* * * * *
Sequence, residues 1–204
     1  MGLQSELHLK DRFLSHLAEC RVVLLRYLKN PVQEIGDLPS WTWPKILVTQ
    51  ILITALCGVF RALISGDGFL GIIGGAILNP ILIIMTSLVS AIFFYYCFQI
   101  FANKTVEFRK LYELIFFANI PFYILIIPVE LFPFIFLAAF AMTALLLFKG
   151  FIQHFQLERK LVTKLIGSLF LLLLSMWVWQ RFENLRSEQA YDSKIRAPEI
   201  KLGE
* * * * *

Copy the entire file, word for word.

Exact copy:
Sequence, residues 1–204
     1  MGLQSELHLK DRFLSHLAEC RVVLLRYLKN PVQEIGDLPS WTWPKILVTQ
    51  ILITALCGVF RALISGDGFL GIIGGAILNP ILIIMTSLVS AIFFYYCFQI
   101  FANKTVEFRK LYELIFFANI PFYILIIPVE LFPFIFLAAF AMTALLLFKG
   151  FIQHFQLERK LVTKLIGSLF LLLLSMWVWQ RFENLRSEQA YDSKIRAPEI
   201  KLGE